NASA may bring humans back to the surface of the moon as soon as 2024. And, if they do, lunar dust will be a big issue. A team of scientists at the Kennedy Space Center are looking for a solution with their Electrodynamic Dust Shield (EDS).
Oh, you don’t think dust is a problem? It’s just a little dust, right? What’s the big deal? What about super sharp, pointy dust particles that have never been eroded like the dust we know on Earth? Yeah that’s right. This is dust that will cut up your lungs from the inside. And, it’s toxic to humans. Mmhmm. So, yes. It’s a problem to any person exposed to it. And, the longer their stay on the moon, the more dangerous it is. Add to that the threat the dust poses to delicate instruments, mechanisms on spacecraft, cameras, and whatever else you can think of that has seems, nooks and crannies.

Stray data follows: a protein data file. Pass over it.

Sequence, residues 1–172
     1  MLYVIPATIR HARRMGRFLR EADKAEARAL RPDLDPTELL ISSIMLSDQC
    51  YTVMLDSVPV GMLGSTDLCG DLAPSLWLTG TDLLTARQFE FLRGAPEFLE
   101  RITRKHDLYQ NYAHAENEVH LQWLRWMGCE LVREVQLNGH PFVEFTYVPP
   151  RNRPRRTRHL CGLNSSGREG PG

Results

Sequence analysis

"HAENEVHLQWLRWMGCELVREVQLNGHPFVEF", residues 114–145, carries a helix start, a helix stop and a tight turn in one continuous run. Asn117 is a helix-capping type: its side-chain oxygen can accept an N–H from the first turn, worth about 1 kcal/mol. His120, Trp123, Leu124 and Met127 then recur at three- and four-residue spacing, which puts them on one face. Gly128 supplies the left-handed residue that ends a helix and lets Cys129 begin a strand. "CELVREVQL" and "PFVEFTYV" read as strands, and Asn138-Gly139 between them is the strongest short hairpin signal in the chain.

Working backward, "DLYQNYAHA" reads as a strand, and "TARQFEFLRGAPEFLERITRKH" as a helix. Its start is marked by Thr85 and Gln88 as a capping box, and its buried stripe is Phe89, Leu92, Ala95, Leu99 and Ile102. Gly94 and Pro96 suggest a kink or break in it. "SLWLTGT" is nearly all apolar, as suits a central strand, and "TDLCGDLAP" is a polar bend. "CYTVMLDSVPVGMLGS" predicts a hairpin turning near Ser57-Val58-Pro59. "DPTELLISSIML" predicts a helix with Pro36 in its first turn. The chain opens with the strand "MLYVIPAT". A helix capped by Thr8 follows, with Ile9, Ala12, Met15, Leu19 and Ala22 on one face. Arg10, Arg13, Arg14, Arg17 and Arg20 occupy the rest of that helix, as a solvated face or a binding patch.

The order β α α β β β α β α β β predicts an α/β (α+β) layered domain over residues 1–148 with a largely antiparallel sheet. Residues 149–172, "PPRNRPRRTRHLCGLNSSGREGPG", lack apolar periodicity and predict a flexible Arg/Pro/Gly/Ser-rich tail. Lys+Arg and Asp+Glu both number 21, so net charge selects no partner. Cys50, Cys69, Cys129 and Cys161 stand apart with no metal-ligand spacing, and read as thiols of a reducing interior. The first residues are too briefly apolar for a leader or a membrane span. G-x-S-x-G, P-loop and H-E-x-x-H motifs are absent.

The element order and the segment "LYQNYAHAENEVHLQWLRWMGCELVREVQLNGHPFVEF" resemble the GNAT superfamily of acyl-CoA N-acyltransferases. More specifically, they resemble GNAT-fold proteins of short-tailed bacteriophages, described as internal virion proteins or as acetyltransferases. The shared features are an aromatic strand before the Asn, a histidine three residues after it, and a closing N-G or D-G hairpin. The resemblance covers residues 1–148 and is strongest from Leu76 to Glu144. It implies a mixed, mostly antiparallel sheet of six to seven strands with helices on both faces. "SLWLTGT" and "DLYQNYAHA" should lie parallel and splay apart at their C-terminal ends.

Dr. Carlos Calle and a team of researchers think they have a solution to the moon dust problem. They have built a device that uses “dynamic electric fields to remove dust from surfaces.” That’s according to nasa.gov. The EDS has been sent to the International Space Station (ISS) for a test run. It will be installed inside a flight facility platform outside the space station, attached by a robotic arm. There, it will be exposed to the vacuum of space, radiation and all of the other terrifying things space provides.
The EDS is activated using transparent (invisible) electrodes. “It can be integrated on astronauts’ visors, camera lenses, solar panels, optical instruments, habitat windows, lander viewports and even spacesuits. The EDS can operate manually — through a switch that would clear the dust in just seconds — or autonomously, which would continuously deflect the dust.” If the EDS is successful at the ISS, it will be a very good sign for extended stays on the moon and, eventually, Mars.
Sounds great! Let’s go to the moon!!